However, when we finally meet her husband, Clarke (Eric Bana, giving a very funny performance), he’s immediately one of the more likable characters in the movie, and we start to doubt the validity of her accusations. But both Laura and George look at him in the same bitter light because they are in love with each other and need a way to rationalize their being together. Meanwhile, Ira remains the voice of sanity, trying to convince George to not tear apart what appears to be a genuinely happy family.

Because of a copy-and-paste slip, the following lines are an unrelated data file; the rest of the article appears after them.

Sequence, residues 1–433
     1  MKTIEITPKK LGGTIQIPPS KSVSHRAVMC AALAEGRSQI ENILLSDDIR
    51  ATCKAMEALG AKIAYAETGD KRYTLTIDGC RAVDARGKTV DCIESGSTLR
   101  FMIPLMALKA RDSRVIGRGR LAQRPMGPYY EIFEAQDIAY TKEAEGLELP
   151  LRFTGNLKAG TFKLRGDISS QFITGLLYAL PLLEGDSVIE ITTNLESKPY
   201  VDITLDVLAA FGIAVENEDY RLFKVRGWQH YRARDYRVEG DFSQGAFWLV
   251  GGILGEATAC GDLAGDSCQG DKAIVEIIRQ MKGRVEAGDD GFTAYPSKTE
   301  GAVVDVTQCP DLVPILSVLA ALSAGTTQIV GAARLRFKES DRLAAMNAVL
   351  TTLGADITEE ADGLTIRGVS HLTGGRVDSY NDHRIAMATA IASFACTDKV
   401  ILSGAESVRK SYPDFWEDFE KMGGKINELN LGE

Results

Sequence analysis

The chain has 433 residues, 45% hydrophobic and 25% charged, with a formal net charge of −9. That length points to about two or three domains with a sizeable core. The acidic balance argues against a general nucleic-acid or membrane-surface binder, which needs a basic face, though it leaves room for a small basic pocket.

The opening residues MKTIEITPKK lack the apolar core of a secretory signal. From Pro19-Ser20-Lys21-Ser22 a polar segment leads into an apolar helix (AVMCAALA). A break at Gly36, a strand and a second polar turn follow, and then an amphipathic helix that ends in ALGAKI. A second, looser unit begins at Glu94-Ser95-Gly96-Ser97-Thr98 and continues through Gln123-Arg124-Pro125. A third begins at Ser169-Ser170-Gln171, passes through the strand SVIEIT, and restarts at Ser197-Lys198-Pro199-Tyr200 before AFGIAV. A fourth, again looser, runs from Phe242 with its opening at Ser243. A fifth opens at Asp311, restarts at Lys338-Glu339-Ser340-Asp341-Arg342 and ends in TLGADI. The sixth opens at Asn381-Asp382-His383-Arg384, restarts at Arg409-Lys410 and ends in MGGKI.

If it sounds like there’s a whole lot going on here, it’s because there is. I haven’t even touched on the subplots involving Ira’s roommates. Jason Schwartzman (who also assisted with the film’s music), such a funny (and funny-looking) little guy, plays Mark, who has landed a comedian’s dream gig—his very own sitcom, a terrible Welcome Back Kotter-esque show called Yo, Teach (which never would stay on the air for as long as it does in this movie). Jonah Hill is Leo, the “3XL version of Ira”, who is seeing a lot of success working at the Improv. Also, there’s Daisy (Aubrey Plaza), the girl that Ira has his eyes on. A very interesting character, she’s not played out in the way you might expect.